Red Leicester


Origin: Leicestershire, England.

We Paid: £1.99 per 100g, 2.62e per 100g

Brief description: A very underrated, crumbly and rich cheese that Nigel Farage would be proud of.


Never, never and never again shall it be that this beautiful cheese experience the oppression of the everyday Tesco value branding. We are here to liberate its reputation with a passion that could rival even the spirit of Donald Trump’s freedom cheerleaders. RED LEICE-STER, RED LEICE-STER, RED LEICE-STER

Smell: Ellen: It smells like a farm. It has a complex smell that is earthy and rich and tingles all me tastebuds. You’d be pretty safe keeping this one in your fridge and when you have guests over there won’t be any questions asked.

Appearance: A warm, burnt orange colour with a hint of age manifesting in cracks on the surface that reveal its deliciously crumbly texture. We have always been quite disparaging of this cheese as our ever growing snobbery and its plasticy presentation nestled amongst the basics cheddar have traditionally led us to cast this cheese aside. It is far too often offered only as a colourful, cheap alternative to the English classic. We got ours from the most ridiculously English sounding cheesemonger you can find: Pooky & Grumps! Served with excellent advice this little deli has a small but well selected range. It also gave us the chance to venture further afield to the lovely little town of Horsforth.

Consistency: This cheese has a very satisfying texture with all the right amounts of crumbly and butteriness. It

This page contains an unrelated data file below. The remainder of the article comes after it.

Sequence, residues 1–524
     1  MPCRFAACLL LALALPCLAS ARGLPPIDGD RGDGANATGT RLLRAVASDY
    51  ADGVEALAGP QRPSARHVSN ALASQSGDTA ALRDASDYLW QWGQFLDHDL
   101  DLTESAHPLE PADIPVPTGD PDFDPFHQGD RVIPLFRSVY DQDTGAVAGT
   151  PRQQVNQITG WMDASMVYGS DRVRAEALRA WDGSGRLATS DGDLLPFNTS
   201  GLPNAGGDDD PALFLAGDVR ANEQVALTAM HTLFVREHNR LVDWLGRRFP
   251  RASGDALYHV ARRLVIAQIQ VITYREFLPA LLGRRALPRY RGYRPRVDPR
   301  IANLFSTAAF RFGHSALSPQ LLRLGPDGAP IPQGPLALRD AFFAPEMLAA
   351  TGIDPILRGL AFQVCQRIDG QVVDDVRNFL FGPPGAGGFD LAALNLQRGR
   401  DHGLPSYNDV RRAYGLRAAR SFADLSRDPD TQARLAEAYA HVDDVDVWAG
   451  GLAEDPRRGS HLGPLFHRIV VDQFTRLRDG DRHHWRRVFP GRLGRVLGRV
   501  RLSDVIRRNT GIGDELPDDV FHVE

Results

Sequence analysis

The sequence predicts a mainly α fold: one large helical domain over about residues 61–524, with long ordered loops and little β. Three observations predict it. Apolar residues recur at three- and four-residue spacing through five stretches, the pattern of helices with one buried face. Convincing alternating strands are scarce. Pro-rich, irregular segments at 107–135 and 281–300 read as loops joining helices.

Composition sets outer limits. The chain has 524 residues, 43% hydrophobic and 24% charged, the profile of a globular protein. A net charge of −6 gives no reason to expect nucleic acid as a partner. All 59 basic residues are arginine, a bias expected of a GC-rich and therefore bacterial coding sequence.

How not to eat cheese
How not to eat cheese

has similar characteristics to classic, home-made English fudge, (if you’re ever in Brighton, definitely check out Roly’s Fudge shop). It’s a medium hard cheese that works well sliced so… Every boy and every girl, SLICE UP YOUR LIFE, people of the world, SLICE UP YOUR LIFE.

Taste: Today we present you with a little morsel of cheesepertise from Culture Cheese Magazine ( Does everybody have their cheese ready?

To allow the tongue to pick up all the components, take a small, thin slice and let it luxuriate on your tongue, stimulating your saliva and taste receptors.

We consumed about half the block in tiny slices letting it luxuriate, but we’re not sure how much of an effect this actually had on our tasting process, so let us know if you have any other nuggets of advice.

This lovely Red Leicester is nice and rich, not quite Bill Gates but probably banks more than Hugh Heffner. It is tangy and full-bodied without being overly strong. The attack is fiercely flavoursome which slowly evolves leaving you with that classic after-taste that an addict would struggle to resist. Just as the smell suggested, it has an earthy, wholesome, dairy taste.

Strength: A solid 6.5. The flavour has a lot of presence, but it’s not overpowering in the traditional sense of cheese.

Score: 7.5! All in agreement, this is definitely a 7.5.

Final Comments: Don’t underestimate the Leicestmeister, but avoid the supermarkets for this one.

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